The growing acceptance of cryptocurrencies as a digital form of payment has led financial policymakers in the United States and other countries to consider the potential adoption of central bank digital currencies (CBDCs). However, in late May, the American Banking Association submitted testimony to Congress arguing that there is no current need to adopt a CBDC into the U.S. financial system as there is no specific financial problem or pressing need addressed by such digital currencies. This event will feature discussion on a recent white paper published by CSIS on options currently available for CBDCs and stablecoins with a panel including Gerard DiPippo, Senior Fellow, Economics Program, CSIS; Fariborz Ghadar, Distinguished Scholar and Senior Advisor, CSIS; Matthew P. Goodman, Senior Vice President for Economics, CSIS; Steven B. Kamin, Senior Associate (Non-Resident), Economics Program, CSIS; and Miguel Díaz, Head of Toronto Centre, BIS and Former General Director of Payment Systems and Market Infrastructures, Bank of Mexico.

Bipartisan Policy Center 

Big Tech Is Not Going Away: Next Steps in Competition Policy

At 11:00 AM on June 1, online video webinar.

Lawmakers on Capitol Hill have been trying to target the outsized market power of Big Tech companies by drafting legislation amending current law, especially U.S. antitrust law, to address competition issues in the technology industry. However, as this first event in the Bipartisan Policy Center’s new program focused on tech competition underscores, the market conditions leading to the dominance of Big Tech firms are likely to reemerge even if Congress acts on any bills to limit the power of Big Tech. This event will feature a discussion on the effectiveness of data interoperability and portability as a means to promote competition in the tech industry with a panel including Dr. Diana L. Moss, President, American Antitrust Institute; Dr. Mark Jamison, Director and Gunther Professor, Public Utility Research Center, University of Florida; Herbert Hovenkamp, James G. Dinan University Professor, The University of Pennsylvania Carey Law School; Sumit Sharma, Senior Researcher, Technology Competition, Consumer Reports; and moderated by John Soroushian, Associate Director, BPC.

U.S. Patent and Trademark Office

Intellectual Property Basics and Helpful Resources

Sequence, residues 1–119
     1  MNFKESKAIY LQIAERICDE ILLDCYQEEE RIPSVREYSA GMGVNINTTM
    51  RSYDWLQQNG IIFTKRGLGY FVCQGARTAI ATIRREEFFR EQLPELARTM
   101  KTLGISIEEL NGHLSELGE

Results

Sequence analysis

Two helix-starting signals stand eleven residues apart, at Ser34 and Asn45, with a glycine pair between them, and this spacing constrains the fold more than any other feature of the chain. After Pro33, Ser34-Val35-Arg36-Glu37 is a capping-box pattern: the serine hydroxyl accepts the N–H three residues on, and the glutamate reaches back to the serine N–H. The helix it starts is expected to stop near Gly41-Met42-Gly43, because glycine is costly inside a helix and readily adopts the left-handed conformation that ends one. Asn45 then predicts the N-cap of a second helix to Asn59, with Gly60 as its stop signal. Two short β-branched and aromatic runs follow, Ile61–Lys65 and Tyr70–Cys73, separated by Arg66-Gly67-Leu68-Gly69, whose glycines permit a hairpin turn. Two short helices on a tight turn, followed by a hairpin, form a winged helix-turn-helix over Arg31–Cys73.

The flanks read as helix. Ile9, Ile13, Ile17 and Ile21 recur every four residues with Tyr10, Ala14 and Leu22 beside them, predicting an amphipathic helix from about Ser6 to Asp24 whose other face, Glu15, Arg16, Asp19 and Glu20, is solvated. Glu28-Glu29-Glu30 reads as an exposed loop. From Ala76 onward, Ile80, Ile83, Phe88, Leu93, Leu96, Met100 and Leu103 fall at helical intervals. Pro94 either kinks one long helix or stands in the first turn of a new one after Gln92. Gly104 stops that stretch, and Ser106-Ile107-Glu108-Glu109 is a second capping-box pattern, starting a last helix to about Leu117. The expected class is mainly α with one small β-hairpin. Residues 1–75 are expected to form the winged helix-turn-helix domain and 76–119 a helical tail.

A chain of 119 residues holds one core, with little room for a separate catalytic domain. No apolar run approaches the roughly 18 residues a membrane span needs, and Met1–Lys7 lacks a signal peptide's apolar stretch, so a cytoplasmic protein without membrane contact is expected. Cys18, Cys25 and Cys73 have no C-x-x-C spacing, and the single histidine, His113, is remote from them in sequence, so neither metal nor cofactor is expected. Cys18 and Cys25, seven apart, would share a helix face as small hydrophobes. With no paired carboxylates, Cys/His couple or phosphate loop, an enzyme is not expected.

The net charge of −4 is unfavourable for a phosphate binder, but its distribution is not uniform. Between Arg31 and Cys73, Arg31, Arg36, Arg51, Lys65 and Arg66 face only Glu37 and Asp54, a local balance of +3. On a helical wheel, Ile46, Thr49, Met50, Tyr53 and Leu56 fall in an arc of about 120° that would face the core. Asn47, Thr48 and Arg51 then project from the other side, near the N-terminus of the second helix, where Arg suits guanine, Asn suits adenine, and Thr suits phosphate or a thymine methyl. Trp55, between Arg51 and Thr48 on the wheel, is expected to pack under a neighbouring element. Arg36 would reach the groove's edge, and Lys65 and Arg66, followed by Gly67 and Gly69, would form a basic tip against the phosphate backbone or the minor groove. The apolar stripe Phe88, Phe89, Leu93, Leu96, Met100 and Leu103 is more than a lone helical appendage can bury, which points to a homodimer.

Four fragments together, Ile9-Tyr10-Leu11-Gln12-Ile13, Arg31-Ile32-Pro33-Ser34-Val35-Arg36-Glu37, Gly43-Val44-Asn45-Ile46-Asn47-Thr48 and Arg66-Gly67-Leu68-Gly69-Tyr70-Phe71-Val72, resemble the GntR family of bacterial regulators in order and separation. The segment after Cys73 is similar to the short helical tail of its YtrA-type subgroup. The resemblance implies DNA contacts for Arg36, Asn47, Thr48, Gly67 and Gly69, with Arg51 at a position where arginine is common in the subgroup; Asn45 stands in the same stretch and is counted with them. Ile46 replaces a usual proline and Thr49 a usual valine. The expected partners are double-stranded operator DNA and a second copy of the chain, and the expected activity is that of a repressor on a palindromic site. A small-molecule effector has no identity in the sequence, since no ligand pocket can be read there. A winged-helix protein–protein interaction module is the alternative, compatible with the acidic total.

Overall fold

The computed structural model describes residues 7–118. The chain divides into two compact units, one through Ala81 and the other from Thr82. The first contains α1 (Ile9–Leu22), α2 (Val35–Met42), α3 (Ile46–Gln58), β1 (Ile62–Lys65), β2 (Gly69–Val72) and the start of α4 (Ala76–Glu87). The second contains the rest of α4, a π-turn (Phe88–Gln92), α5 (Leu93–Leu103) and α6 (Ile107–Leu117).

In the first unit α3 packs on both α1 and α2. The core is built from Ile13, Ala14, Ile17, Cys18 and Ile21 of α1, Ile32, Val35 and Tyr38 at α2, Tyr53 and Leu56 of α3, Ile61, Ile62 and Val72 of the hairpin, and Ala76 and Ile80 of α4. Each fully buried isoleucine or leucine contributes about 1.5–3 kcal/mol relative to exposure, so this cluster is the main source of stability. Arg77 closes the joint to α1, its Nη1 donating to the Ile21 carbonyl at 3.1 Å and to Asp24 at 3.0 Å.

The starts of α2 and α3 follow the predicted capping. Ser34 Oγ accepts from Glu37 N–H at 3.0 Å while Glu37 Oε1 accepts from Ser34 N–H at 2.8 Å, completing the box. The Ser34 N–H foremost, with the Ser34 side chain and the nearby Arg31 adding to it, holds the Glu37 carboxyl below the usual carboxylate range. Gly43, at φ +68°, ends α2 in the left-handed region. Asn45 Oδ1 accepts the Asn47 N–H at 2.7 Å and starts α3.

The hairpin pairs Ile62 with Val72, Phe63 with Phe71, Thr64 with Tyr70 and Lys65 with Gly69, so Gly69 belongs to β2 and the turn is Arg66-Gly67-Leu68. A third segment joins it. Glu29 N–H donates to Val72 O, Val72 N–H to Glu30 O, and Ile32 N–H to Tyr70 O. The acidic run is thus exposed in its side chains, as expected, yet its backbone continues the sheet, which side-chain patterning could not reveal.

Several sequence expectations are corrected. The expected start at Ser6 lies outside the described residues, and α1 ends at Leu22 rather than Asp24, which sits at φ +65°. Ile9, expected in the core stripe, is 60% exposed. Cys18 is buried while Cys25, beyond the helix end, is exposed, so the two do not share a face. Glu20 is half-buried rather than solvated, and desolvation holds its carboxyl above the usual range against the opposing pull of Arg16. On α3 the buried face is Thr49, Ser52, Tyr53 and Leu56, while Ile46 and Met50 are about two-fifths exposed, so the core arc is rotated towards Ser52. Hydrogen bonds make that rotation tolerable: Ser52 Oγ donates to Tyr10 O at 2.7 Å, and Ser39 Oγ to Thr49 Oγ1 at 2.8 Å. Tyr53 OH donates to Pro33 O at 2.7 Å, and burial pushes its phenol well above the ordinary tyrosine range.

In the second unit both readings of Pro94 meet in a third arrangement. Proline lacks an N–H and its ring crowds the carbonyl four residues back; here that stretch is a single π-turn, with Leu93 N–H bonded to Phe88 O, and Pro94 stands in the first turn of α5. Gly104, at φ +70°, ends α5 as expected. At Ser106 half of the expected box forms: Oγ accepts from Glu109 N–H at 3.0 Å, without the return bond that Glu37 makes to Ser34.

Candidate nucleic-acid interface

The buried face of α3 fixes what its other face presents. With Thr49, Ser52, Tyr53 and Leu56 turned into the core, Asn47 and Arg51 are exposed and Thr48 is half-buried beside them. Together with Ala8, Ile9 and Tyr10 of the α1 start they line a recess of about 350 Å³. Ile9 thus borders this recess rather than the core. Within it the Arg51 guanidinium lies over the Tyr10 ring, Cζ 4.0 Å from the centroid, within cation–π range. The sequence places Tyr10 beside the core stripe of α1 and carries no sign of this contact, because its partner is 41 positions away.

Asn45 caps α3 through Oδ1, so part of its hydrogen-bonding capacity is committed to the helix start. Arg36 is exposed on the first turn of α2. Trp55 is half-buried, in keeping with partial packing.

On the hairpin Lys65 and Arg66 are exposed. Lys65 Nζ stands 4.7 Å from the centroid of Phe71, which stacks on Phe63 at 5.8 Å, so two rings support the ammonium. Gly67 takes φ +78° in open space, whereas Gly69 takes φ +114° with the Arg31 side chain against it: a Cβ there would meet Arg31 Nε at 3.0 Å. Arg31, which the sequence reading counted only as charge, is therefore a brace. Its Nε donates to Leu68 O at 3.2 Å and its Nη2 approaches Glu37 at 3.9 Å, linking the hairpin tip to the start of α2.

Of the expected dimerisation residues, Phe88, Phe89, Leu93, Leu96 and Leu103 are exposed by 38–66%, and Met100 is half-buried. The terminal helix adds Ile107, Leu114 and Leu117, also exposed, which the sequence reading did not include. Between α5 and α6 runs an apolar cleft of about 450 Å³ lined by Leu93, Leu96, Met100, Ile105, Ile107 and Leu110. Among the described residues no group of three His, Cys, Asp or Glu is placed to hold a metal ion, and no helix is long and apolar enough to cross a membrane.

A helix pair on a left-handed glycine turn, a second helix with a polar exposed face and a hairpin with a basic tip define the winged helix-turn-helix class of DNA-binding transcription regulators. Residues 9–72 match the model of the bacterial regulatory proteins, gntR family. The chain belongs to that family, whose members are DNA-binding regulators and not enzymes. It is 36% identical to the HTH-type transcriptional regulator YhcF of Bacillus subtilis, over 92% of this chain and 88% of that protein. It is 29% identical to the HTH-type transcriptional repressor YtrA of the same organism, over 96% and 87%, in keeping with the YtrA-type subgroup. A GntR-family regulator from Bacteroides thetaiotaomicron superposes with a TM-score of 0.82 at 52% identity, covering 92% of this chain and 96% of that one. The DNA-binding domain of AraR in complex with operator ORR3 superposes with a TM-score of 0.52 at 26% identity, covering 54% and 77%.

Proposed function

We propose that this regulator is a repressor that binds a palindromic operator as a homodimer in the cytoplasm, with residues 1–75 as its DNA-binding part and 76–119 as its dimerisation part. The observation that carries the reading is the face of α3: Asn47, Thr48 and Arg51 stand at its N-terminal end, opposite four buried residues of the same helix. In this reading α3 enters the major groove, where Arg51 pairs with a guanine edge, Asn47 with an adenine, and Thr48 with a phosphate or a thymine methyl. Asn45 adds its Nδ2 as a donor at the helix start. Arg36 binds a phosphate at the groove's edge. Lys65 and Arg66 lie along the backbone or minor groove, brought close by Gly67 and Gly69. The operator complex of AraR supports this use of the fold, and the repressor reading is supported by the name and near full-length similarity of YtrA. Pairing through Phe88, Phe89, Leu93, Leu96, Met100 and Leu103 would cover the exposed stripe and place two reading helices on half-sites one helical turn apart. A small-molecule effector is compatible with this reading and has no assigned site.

At 12:00 PM on Wednesday, online video webinar.

This USPTO workshop is designed to teach business owners and entrepreneurs the basics of intellectual property protection, and to inform them about resources available at the USPTO for obtaining IP rights. Topics covered during this workshop include an overview of forms of IP, reasons why entrepreneurs should protect their IP and resources available at the USPTO and other federal agencies.

Thursday, June 2 

Center for Strategic & International Studies

The Capital Cable #49: U.S.-Korea Technological Cooperation

At 9:30 AM on Thursday, online video webinar.

At the end of May, President Biden visited the country of South Korea where he and Korean President Yoon Suk Yeol both committed to deepening the relationship between those two countries, especially where it comes to collaborating on emerging technologies and cybersecurity. The leaders of both countries expect that stronger collaboration will yield benefits in several areas of innovation including quantum technology, biotechnology, artificial intelligence, electric vehicle batteries and more. This event, part of CSIS’ The Capital Cable series, will feature a discussion with a panel including Andrew Grotto, William J. Perry International Security Fellow, Cyber Policy Center, Research Fellow, Hoover Institution, Stanford University, and Former Senior Director for Cybersecurity Policy, White House; Sue Mi Terry, Director of the Asia Program and the Hyundai Motor-Korea Foundation Center for Korean History and Public Policy, Wilson Center; Mark Lippert, Senior Advisor (Non-Resident), Korea Chair, CSIS; and moderated by Victor Cha, Senior Vice President and Korea Chair, CSIS.